by Ann Byington

It was a cooler than usual day in August in northeast Kansas. Mark and his dad, Fred, had gone out to their cabin on the Kansas River as they often did. The cabin was 84-yearold Fred's home away from home, with a deck, electricity, running water - all the comforts of home with the added attraction of the view, sounds and smells of the river nearby.

Mark and his dad were installing a sprinkler system to water the newly planted grass. Mark had gone to get something when he heard his dad shout, "Whooooa!"

"I knew I'd lost him," he told me later. He ran some 15 feet down the river bank and nearly knocked his dad into the water, trying to get to him. He couldn't tell me whether the electric cord was his or Fred's idea, but after determining that Fred had grabbed some shrubbery which had stopped his fall, Mark climbed back up the bank, and after rejecting two cords, found the one he wanted. He tied it to a tree at the top of the bank, climbed back down, tied the cord under his dad's armpits and then around another tree to stabilize Fred so he, Mark, could climb back up the bank, call 911 and give them directions to the cabin.

It took another 45 minutes for a rescue squad to arrive, move men and ropes down the riverbank to Fred, secure him and then place him in a wire basket and winch him up the bank. Fred was then strapped to a backboard as a precaution. Unfortunately, when they arrived at the VA hospital, another emergency had come in which necessitated Fred's staying strapped down for another three hours.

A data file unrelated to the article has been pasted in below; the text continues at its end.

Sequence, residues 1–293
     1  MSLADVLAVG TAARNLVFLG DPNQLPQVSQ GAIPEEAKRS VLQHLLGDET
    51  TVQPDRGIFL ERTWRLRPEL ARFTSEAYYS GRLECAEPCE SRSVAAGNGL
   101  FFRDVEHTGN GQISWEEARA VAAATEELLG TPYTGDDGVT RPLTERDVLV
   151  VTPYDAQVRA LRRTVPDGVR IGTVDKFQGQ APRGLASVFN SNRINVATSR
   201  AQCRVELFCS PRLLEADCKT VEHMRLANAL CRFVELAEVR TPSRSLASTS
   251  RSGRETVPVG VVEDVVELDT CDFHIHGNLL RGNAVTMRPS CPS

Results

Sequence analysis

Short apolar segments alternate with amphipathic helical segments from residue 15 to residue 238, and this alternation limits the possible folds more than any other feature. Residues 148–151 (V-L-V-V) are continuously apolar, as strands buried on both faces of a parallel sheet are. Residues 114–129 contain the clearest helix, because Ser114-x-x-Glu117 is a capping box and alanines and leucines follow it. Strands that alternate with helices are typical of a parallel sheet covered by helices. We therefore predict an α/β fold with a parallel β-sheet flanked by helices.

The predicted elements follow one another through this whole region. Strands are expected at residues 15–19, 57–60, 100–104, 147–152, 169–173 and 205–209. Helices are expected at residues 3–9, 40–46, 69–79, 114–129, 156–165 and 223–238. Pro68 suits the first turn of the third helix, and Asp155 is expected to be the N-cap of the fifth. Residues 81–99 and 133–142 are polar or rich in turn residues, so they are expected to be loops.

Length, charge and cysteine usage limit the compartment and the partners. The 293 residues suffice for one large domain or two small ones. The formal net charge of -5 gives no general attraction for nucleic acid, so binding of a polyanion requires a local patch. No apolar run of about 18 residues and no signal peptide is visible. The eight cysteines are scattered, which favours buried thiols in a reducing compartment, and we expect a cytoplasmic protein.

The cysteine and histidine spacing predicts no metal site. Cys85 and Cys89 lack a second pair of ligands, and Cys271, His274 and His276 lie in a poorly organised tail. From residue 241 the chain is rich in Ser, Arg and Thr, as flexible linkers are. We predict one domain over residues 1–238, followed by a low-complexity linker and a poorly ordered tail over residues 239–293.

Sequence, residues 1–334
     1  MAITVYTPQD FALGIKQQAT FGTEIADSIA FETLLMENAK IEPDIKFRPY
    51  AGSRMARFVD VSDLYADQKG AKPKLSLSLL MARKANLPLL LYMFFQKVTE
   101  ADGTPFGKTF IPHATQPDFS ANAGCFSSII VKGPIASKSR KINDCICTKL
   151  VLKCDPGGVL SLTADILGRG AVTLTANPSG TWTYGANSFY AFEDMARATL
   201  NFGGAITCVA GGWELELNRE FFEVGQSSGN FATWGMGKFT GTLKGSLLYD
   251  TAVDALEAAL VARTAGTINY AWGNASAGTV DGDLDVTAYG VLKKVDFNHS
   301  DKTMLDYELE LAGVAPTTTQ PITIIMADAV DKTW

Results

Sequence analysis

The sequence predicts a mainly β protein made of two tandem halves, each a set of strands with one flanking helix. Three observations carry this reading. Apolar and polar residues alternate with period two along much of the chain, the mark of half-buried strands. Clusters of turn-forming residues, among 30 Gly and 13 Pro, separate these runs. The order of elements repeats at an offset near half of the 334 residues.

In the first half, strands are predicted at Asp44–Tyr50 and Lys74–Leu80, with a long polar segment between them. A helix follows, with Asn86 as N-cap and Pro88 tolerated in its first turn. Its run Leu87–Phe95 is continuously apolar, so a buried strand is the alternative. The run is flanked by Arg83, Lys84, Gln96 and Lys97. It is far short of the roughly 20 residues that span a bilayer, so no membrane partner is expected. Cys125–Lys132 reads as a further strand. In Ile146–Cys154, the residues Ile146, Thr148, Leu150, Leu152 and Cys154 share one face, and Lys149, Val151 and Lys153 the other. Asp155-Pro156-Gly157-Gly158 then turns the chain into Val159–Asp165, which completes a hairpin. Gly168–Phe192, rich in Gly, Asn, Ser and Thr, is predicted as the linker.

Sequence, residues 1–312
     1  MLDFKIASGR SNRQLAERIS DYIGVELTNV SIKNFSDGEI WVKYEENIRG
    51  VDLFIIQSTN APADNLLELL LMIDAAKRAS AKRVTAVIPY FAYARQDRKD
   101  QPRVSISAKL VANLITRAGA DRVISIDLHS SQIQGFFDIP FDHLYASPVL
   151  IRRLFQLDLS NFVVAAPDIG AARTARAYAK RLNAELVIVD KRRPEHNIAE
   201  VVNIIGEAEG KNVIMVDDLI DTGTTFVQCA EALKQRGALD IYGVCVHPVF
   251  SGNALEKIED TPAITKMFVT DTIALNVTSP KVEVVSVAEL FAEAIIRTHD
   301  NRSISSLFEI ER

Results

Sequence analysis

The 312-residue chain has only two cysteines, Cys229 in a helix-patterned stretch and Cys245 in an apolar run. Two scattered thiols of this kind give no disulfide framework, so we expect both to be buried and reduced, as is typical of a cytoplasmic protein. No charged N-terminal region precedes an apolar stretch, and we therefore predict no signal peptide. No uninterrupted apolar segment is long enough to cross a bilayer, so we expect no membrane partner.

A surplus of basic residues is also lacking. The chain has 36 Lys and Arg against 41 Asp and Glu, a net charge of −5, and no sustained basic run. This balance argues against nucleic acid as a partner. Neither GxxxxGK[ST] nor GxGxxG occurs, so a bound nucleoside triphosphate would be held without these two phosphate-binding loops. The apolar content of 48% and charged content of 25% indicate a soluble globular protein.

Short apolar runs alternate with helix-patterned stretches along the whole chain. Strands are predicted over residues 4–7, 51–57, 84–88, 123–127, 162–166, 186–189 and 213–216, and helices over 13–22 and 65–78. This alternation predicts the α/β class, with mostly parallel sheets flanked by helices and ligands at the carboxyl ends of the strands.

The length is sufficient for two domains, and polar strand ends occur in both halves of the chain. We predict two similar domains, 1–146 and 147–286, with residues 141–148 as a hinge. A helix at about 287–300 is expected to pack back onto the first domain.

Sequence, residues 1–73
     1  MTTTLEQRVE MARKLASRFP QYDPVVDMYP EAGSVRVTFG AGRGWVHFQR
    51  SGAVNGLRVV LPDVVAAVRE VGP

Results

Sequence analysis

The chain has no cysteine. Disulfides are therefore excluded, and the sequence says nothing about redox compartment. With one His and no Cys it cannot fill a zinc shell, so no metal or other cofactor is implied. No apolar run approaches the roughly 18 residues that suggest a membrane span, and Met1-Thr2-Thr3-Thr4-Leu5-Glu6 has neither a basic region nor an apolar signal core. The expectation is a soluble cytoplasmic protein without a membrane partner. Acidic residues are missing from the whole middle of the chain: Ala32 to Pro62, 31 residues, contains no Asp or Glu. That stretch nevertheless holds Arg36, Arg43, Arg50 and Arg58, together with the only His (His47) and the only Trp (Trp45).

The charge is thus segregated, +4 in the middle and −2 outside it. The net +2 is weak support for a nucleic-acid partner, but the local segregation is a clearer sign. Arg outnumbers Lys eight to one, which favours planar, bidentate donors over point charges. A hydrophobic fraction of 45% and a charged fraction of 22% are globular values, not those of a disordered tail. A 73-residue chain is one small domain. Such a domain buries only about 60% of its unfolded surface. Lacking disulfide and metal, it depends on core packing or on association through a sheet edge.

Some of you know Mark Coates, the hero of this true story. Mark has been an active member of the Kansas Association for the Blind and Visually Impaired for several years, serves on our board of directors and as vice president and has attended the legislative seminar and presidents' meeting on two occasions.

Mark has been the principal caregiver for his dad for the past several years. He deals with feelings of frustration, concern, love and annoyance in this role, just as some of us have done when watching our own parents become those in need of care. Mark doesn't talk about this task unless he is asked about his dad. He does the job willingly. It strikes me that all of us in ACB have many opportunities to be heroes, if we take advantage of them. The friendly smile and compliment on a job well done by someone struggling with a newly acquired disability; the unobtrusive offer of assistance to another person dealing with the same stresses we do; the calm assurance and high expectations we show blind or visually impaired children; the work at a golf tournament or other fund-raiser; these are all opportunities to be heroes.

While we may not have the need to be as resourcefully heroic as Mark Coates and his father, we can all take advantage of the hidden opportunities to be heroes. And to Mark, we say, "We are proud of you, Mark, for your bravery, your resourcefulness and your patience." And, along with you, we breathe a huge sigh of relief and say, "We love you, Dad!"

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